(Andy Synn delivers his first impressions of Meshuggah’s new album, The Violent Sleep of Reason, with thoughts on a track-by-track basis as well as overall.)
Despite what some of their detractors might say, every Meshuggah album is different. The basic ingredients might stay the same, but each album leans in a slightly different direction… Nothing brought the groove, Catch 33 went all experimental, obZen was the overtly “technical” album, and Koloss the more song-based, riff-based number… which is why every Meshuggah album is ultimately going to be someone’s favourite Meshuggah album.
So the big question really isn’t “how good is The Violent Sleep of Reason?”… no, what we should be asking is “what sort of album is it…?”
With that in mind I decided that, this time around, it would be more fun to eschew the traditional review format and instead just note down my first impressions and overall musings about the album as I listened to it. So, just as Meshuggah went for a more raw and “organic” approach this time (doing it all live in the studio for the first time in their career), so too am I going to produce a much more raw and unedited piece of writing while I listen to it.
Of course I reserve the right to change my position in the future, but for now… let’s just see what happens!
God-damn, but this one hits you hard right from the go. There’s a jerky, convulsing interplay between the guitars and drums that puts me in mind simultaneously of squealing pistons and straining tendons, which I suppose is an apt enough metaphor for Meshuggah’s particular blending of meat and machinery. The guitars in particular sound like coiled springs about to snap.
That being said, the initial impression this track gives me is that The Violent Sleep of Reason is going to be more of a drummer’s album this time around, particularly when compared to Koloss, which seemed a lot more riff-happy. Here it’s Haake’s anomalous percussive bombardment that’s running away with things.
“Born in Dissonance”
Funny story, but I actually heard this one around a week before it was officially released, when it suddenly leaked onto YouTube (and was just as suddenly taken down). I liked what I was hearing back then, and I like what I’m hearing now. In fact, this one feels short, sharp, and extremely catchy (in the Meshugganized sense of that word), with a bunch of taut, straining riffs and gleefully weird rhythmic hooks, and I think it’s going to have a lot of replay value (though “Clockworks” is still probably a better song overall).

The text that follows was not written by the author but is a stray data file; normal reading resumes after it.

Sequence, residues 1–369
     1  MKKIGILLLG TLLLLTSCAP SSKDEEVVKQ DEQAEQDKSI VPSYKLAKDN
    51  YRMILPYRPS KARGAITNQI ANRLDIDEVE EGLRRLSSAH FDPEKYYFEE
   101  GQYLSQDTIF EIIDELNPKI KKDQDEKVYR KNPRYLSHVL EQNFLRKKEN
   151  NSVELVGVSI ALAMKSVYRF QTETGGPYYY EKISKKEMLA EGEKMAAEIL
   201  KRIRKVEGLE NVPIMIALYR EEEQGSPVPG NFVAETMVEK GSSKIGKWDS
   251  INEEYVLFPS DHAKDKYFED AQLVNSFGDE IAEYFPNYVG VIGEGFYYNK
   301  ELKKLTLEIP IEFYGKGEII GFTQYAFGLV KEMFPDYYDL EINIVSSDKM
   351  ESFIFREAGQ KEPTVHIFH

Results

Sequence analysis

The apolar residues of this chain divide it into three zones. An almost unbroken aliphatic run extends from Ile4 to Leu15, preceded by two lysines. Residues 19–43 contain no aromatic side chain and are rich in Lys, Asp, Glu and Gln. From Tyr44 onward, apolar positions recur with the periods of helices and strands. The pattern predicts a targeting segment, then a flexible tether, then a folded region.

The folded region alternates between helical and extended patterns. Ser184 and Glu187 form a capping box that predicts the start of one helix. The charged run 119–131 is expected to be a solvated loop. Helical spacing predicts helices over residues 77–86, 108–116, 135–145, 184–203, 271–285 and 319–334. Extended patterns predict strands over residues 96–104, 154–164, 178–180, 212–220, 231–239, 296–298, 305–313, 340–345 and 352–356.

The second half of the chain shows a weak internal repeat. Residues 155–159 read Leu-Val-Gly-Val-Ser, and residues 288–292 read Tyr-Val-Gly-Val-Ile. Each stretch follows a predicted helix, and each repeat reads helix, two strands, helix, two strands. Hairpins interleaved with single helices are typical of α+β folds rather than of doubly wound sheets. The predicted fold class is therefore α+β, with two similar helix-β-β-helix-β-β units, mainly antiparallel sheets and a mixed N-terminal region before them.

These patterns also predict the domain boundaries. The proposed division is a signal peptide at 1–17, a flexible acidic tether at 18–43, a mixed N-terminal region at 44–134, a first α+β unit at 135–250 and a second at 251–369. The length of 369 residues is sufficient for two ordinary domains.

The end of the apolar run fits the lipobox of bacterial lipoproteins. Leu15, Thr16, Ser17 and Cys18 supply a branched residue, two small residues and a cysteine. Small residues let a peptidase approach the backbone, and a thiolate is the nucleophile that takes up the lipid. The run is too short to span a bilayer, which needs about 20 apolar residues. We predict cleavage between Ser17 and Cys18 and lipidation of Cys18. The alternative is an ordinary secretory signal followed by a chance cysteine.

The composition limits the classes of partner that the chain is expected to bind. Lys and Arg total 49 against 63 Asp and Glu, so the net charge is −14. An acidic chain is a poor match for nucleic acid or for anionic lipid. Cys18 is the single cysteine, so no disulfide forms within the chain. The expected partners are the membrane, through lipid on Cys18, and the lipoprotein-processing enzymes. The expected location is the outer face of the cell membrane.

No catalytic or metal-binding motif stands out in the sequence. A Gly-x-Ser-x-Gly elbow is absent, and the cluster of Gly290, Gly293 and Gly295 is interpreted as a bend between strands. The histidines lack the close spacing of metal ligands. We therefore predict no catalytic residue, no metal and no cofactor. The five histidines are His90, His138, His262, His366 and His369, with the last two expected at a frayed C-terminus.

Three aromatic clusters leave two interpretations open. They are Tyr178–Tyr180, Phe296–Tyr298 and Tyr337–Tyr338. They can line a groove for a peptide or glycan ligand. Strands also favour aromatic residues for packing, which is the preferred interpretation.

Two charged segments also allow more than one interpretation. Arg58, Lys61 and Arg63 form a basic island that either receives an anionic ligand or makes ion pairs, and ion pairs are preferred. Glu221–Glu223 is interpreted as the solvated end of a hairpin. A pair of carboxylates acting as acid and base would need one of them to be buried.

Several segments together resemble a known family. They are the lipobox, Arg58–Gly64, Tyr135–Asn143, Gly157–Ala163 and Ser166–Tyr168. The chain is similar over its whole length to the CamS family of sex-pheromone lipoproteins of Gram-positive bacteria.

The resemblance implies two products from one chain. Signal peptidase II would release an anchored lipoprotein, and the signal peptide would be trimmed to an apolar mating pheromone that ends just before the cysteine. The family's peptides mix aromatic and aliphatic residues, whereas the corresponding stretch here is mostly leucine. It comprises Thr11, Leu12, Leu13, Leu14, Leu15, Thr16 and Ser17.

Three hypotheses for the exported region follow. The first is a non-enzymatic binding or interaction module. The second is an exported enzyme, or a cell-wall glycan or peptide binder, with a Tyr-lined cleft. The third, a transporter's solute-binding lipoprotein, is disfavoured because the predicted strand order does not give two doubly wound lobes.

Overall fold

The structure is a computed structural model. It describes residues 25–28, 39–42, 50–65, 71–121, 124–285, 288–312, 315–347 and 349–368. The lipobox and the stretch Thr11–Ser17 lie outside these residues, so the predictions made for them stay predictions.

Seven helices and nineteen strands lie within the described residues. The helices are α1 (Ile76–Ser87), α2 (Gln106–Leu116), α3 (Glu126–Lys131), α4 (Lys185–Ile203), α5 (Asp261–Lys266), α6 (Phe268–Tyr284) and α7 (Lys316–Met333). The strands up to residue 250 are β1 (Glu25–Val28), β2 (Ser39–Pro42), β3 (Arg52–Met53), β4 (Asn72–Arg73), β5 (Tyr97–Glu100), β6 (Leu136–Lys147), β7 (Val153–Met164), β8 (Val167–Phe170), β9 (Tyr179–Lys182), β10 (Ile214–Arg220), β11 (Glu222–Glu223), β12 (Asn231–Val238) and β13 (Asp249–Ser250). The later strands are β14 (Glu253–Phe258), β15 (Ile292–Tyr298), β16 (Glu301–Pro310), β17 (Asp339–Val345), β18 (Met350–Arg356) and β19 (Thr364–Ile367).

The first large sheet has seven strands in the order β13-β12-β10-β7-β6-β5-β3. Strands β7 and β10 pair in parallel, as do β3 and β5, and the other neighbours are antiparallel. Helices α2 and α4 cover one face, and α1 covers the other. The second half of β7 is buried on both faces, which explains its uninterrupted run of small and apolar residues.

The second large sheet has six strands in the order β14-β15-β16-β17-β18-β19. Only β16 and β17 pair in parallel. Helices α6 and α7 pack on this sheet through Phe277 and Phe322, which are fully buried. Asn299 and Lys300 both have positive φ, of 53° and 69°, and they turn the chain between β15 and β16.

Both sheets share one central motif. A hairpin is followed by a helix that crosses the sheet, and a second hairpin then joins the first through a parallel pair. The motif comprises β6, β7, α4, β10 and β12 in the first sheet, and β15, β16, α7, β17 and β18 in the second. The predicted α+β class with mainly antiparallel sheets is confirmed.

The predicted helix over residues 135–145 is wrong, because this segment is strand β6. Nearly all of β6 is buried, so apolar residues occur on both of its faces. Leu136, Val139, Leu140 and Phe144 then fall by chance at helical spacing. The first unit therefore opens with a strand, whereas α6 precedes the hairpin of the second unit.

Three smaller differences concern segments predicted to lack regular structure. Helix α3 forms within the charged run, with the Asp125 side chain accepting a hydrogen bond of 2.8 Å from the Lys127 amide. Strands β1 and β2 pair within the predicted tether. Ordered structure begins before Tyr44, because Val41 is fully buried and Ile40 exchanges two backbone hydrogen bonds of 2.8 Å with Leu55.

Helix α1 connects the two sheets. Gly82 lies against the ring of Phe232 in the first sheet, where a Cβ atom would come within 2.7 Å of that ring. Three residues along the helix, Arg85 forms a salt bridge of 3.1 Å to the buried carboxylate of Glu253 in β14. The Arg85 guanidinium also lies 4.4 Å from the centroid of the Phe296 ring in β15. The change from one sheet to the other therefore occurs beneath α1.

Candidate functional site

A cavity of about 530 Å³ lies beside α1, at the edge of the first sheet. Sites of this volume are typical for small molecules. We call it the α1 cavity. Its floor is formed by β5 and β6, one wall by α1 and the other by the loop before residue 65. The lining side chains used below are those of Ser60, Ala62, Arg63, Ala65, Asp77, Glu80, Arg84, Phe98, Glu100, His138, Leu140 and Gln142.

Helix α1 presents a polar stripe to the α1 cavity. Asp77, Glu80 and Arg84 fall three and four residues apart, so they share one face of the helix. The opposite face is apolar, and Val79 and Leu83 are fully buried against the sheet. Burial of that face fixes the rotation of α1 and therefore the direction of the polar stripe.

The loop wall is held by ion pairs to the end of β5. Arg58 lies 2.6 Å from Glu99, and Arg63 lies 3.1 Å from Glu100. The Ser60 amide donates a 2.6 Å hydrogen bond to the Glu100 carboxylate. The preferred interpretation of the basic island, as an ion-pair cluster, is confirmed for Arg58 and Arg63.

Damn, that is a good opening riff. No matter how many bands try and copycat Meshuggah’s style (not to mention their entire guitar tone wholesale) no-one else seems to be able to imbue their guitars with the same sense of alien malevolence as the quantum quintet themselves.
This one actual feels less overpoweringly percussive and drum-intense than the previous two, and has a much more organic, straightforward sense of groove to it, with Haake’s playing in particular feeling that little bit looser and more unpredictable. In fact, the whole band feels a bit more like they’re flying by the seat of their pants on this one, and that raw energy and vitality really bleeds through the speakers.
Definitely a major standout to me (so far, anyway), this one has a great mix of churning, spine-mangling riffs and surprising dashes of strangely melodic atmosphere. Plus, I love the title.
“By The Ton”
Some chilling, swirling atmosphere to this one (actually I feel like I haven’t mentioned how noticeably more atmospheric all the tracks have been so far, although this one definitely pushes that element a little further). The guitar riffs have a jazzy, almost improvisational quality to them as well, which I really like. Again, the band sound looser and freer, without being any less strangulatingly tight as a unit overall.
This song is weirdly proggy and weirdly hooky at the same time (without really trying). There’s something quite compulsive about the way the riffs and rhythms twitch and curl and writhe. Again, it feels a lot more… organic… than cybernetic.
If obZen was perhaps the pinnacle of the band’s robotic precision, then this one is definitely on the flip-side stylistically speaking, with Koloss falling somewhere in the middle.
“Violent Sleep of Reason”
Phew, that is some dissonant and off-kilter stuff they’re throwing at you there… but I like it. Oh, and that riff, that chugging, sliding, unwinding post-intro riff, followed by a verse riff that sounds like a cycling, auto-loaded bolt-gun… can you tell I’m loving this one so far?
The various lead guitar parts and unsettling pseudo-melodic touches really give the track a baleful atmosphere too.
This is definitely already one of my favourites, but it’s also incredibly atmospheric, and extremely densely layered, so I think there’s going to be even more clever twists and turns to tease out on future listens.
This one drops you straight in at the deep end with a heavy, plunging main riff, and a coiled, predatory groove that gets right inside your head. And it’s another track which feels more loose-limbed and lithe than you’d expect from the band, with the five-piece clearly feeding off each other’s energy as they play, rather than simply all trying to lock into the same abstract, algebraic audio pattern.